Retirement leaves me with a lot of surplus time, time I manage to fill reasonably well with consulting and other activities. But there is still plenty of time for leisure. Instead of watching Netflix, I tend to watch YouTube.
Since the pandemic, recession and the election are in, I watch a lot of videos with these themes. But I’ve been mostly concentrating on watching videos on the stock market. Against all odds it has made a spectacular recovery in just a couple of months. I’ve delved into some of the reasons in previous posts, but it mostly amounts to the Fed not letting the economy fail. It is injecting trillions of dollars into the economy into what are arguably junk bonds to push up stock prices. No major publicly traded company in the USA has become too big to fail, in the Fed’s eyes.
In doing so though the Fed is walking into a trap. It’s the trap that the Japanese government walked into in the 1990s and still hasn’t gotten out of. The basic issue is that by not letting businesses fail, you generate a lot of zombie companies that hang around and provide some benefits like keeping people employed but no real value. Their survival is predicated on an endless supply of cash bailouts, right now indirectly provided through the Fed. In other words, they would have failed without these payments, and arguably should have failed. The Fed is essentially not allowing capitalism to work. This means that trillions of dollars are going toward companies that deserve to die so something that useful and productive that meets our new economy can grow in its place.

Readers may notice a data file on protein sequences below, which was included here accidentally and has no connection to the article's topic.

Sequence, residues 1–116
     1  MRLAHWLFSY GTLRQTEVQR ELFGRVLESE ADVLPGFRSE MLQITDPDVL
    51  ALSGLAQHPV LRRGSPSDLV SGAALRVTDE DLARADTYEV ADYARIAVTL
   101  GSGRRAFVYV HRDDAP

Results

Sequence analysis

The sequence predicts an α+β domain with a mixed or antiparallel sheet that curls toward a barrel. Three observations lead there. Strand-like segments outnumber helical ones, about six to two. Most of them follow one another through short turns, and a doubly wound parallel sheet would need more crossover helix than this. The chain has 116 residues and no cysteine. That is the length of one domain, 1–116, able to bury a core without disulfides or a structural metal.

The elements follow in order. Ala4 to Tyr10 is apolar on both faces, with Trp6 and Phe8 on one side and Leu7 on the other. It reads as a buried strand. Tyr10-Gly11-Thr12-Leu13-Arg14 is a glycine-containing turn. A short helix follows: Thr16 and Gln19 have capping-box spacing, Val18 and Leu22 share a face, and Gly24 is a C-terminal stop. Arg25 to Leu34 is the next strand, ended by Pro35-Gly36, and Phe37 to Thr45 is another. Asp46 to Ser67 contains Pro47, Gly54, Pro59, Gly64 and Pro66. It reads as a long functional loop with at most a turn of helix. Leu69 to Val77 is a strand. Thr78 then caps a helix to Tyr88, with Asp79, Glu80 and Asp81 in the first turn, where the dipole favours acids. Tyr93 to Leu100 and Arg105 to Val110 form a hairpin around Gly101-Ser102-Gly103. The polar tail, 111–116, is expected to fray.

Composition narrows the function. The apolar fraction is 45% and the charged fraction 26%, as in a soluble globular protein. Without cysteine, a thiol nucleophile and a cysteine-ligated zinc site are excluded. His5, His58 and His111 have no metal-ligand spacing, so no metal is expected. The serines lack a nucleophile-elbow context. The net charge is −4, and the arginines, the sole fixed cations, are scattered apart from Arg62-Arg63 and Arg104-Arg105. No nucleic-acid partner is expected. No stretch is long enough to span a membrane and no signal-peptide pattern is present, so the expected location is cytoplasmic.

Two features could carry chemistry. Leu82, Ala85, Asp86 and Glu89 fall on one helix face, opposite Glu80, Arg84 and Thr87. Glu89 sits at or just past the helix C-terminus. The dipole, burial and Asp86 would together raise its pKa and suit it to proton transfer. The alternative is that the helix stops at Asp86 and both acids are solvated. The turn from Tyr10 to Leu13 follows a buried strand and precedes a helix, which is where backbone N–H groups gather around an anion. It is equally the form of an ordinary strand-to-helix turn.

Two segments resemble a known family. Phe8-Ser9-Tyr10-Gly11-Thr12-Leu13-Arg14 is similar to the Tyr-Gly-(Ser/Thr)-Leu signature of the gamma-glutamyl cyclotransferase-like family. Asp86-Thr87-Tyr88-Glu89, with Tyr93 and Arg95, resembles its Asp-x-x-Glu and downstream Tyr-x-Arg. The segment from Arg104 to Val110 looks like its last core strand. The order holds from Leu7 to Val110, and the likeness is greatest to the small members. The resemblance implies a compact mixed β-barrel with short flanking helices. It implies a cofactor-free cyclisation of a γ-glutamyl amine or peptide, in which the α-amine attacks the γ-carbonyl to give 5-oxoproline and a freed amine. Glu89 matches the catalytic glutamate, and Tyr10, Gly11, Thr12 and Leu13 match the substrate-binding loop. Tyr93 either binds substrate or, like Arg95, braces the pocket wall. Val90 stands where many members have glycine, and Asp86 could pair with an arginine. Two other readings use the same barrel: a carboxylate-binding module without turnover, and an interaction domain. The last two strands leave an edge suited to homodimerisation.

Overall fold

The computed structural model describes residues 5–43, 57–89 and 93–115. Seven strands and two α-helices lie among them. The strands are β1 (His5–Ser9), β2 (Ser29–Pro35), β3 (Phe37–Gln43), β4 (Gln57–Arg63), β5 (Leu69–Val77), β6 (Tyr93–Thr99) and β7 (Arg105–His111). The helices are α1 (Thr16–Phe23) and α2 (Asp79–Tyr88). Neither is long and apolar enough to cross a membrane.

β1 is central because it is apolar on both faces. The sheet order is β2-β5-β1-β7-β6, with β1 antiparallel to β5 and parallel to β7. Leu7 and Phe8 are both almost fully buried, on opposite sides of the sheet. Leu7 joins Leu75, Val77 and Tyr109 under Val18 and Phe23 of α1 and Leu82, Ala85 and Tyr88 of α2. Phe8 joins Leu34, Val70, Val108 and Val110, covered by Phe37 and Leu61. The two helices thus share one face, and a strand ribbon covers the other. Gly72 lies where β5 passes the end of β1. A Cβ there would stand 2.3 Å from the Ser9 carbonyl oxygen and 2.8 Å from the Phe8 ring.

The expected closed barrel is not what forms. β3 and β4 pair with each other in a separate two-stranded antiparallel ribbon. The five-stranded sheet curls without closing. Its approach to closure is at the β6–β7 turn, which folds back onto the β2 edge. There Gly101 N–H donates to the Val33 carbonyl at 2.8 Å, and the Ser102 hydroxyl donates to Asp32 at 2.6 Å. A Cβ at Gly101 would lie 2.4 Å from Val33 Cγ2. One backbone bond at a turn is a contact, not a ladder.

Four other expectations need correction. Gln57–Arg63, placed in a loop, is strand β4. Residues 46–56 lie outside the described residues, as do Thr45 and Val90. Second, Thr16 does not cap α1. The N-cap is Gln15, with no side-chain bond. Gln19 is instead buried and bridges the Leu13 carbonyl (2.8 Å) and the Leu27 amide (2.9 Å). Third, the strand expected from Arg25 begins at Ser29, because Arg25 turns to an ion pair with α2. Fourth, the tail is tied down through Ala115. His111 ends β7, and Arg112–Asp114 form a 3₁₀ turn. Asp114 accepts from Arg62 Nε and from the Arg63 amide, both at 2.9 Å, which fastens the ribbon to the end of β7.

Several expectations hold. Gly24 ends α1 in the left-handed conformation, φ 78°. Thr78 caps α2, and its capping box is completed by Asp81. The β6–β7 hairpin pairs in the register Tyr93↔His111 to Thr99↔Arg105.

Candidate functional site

There are some companies that are very cash rich where this isn’t a problem: Apple, Google and Walmart to name a few. They are thriving and have the resources to emerge more profitably in our new age, mainly because they offer goods and services for these challenging new times that are likely to persist and thrive. Many of the rest though acted stupidly over the last decade, facilitated by the Fed. The Fed kept interest rates artificially low, making it inexpensive to acquire debt. These companies used cheap debt mostly to back their own stock, which further overvalued these companies. Now the Fed is doing essentially the same thing.
As I noted in my last post, new investors are doing a lot to pump up prices too, doing arguably insane investments like buying stock in bankrupt companies. You know this can’t last. At some point, reality will catch up with stocks again. We got a taste of it on June 11 when the DJIA nose-dived 1800 points. Calm and rising share prices quickly returned when Big Daddy Fed came to the market’s financial rescue again.
Some analysts have noticed a pattern of false market rallies that occurred after similar past financial crises. This has happened in every recession since at least 1992. Stocks drop dramatically, but within a few months there is a rally, only until investors realize they were buying based on hope, not reality. So it’s not hard to see that we’re in for another of these soon. Another correction is going to happen. The Fed can delay it for a while, but it’s coming.